Unifying the communication channels should be another key activity to increase the operational efficiency of a contact centre and directly improve the customer experience. Omnichannel approach is based on guaranteed process consistency and approach to the individual communication channels. To put it simply, the customer's experience with contacting your organisation should always be the same, regardless of whether they contact you over the phone, using chat, by email, or on social networks. This requires a unified approach to interaction with the customer that is connected to the central customer data repository.
We can learn from a negative example of companies that offer e.g. chat or social network communication as a supplementary communication platform that, once the communication reaches a certain point, forces the customer to call the contact centre or to send an email. From the customer's point of view, such fragmented interaction may be even more frustrating than not offering these communication channels at all. Should the customer decide to use online chat, it has to be the only option they need to use to resolve their query, unless they explicitly wish to switch to another channel. If the customer decides to switch channels, it is vital that they needn't repeat any information that they had already provided via chat. All the contact platforms have to operate as fully equivalent alternatives.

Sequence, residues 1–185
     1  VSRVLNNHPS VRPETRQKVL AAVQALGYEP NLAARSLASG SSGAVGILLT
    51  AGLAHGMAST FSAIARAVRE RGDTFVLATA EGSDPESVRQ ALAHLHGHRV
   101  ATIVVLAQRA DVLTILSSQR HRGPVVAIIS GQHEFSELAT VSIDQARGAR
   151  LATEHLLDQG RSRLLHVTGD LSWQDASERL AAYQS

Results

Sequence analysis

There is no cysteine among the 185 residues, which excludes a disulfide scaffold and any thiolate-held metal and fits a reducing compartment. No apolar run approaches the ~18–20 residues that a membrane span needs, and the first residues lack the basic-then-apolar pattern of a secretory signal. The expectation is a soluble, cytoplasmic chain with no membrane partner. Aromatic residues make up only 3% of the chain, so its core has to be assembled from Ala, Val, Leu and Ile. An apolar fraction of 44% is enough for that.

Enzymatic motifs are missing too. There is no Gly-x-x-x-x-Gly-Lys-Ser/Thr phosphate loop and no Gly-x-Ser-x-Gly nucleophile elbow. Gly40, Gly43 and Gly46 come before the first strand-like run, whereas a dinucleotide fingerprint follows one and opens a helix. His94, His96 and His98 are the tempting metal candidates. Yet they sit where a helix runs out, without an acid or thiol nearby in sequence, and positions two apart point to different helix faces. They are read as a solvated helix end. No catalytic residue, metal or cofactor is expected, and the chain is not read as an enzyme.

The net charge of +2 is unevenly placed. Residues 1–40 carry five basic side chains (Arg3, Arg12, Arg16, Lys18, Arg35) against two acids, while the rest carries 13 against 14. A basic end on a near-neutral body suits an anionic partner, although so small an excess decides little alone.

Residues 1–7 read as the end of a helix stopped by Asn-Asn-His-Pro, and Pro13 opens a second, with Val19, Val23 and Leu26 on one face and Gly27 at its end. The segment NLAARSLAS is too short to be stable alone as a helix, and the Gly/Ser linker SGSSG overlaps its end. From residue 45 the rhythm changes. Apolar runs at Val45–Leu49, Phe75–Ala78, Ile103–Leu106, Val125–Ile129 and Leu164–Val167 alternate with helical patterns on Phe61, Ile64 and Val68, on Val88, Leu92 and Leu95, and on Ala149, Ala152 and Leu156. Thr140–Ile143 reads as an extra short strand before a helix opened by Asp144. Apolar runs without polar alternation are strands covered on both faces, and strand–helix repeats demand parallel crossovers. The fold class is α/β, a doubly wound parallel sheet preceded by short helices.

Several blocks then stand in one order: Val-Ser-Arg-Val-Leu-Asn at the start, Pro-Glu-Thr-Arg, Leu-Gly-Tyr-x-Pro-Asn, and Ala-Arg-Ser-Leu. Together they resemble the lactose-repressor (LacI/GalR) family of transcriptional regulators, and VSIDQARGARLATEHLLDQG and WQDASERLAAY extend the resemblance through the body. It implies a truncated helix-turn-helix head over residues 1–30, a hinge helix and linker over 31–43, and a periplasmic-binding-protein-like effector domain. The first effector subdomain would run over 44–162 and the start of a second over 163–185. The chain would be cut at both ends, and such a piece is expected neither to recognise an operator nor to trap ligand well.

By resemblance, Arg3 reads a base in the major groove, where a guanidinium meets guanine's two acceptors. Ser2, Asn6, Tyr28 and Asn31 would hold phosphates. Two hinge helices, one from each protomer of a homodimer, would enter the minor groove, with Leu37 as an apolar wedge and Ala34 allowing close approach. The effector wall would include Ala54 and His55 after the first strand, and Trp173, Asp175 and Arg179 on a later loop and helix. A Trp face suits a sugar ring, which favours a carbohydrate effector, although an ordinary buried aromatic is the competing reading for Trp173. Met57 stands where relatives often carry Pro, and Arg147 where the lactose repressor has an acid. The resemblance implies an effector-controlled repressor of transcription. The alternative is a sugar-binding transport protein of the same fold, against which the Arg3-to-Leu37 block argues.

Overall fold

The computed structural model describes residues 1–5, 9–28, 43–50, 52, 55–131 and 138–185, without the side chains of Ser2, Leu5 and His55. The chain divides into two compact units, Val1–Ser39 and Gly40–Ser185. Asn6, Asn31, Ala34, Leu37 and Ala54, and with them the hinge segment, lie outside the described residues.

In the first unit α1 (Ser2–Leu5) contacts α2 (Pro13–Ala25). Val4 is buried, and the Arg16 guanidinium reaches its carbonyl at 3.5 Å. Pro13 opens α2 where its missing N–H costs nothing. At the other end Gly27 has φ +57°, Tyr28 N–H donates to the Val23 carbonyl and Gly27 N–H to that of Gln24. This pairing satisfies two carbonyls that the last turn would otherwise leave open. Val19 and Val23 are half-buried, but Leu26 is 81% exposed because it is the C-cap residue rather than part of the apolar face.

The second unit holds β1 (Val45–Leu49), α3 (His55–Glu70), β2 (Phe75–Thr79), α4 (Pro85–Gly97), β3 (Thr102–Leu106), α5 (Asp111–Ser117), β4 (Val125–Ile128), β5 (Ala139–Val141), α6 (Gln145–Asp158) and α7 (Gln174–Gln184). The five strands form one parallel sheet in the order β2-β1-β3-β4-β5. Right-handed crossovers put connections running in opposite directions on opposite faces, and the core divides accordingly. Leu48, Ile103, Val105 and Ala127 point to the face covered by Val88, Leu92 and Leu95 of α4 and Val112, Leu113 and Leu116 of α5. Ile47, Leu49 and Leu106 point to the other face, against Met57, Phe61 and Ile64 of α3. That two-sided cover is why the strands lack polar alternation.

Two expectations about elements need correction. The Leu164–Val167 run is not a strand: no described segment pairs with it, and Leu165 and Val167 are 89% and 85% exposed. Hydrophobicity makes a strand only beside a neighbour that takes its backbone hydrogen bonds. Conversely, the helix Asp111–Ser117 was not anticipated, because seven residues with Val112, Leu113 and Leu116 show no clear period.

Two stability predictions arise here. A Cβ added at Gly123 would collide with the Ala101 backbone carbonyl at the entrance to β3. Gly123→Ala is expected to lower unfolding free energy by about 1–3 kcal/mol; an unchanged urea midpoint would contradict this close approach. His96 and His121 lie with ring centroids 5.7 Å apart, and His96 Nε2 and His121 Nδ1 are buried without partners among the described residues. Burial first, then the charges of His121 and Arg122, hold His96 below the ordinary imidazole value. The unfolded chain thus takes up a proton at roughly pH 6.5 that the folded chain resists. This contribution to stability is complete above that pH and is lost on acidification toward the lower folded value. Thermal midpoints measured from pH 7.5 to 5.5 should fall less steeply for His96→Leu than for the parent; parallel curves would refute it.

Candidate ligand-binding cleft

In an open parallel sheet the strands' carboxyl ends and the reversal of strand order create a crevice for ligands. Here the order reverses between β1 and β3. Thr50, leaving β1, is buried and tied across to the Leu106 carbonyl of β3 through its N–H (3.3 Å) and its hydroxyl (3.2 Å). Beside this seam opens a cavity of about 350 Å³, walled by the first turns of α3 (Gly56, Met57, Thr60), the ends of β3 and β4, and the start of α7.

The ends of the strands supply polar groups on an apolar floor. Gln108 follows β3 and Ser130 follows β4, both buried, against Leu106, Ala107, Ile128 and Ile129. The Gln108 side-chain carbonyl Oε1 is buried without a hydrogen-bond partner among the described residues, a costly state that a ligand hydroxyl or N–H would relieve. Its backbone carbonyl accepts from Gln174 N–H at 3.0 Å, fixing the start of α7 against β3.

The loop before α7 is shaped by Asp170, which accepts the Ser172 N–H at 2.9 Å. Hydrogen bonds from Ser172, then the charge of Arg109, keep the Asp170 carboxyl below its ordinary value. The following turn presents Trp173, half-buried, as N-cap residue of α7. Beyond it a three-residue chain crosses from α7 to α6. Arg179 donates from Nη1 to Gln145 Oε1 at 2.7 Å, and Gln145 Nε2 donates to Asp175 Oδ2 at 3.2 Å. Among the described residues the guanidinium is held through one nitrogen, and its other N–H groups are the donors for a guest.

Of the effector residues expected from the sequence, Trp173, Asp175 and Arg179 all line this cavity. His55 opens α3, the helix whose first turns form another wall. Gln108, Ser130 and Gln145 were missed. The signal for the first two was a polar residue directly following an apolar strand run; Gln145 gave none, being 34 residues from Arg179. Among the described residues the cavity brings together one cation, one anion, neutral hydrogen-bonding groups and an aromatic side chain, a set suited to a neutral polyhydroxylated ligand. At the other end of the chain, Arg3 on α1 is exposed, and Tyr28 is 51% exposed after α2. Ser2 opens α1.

Customer approach is changing rapidly in the Czech Republic. Companies are trying to be more proactive in their communication and retain the existing customers for as long as possible. Companies realise that acquiring new customers is important and often rather complex, but retaining the existing clientele is even more valuable in today's world. Czech customers are less and less focused on the price/quantity ratio. Quality of service plays a significant role and becomes a key pillar in ensuring the success of the company. This is supported by information systems such as CRM, ERP or SCM that automate specific processes and help us have the right data in the right place at the right time.
This article was originally published in Czech at SystemOnline.cz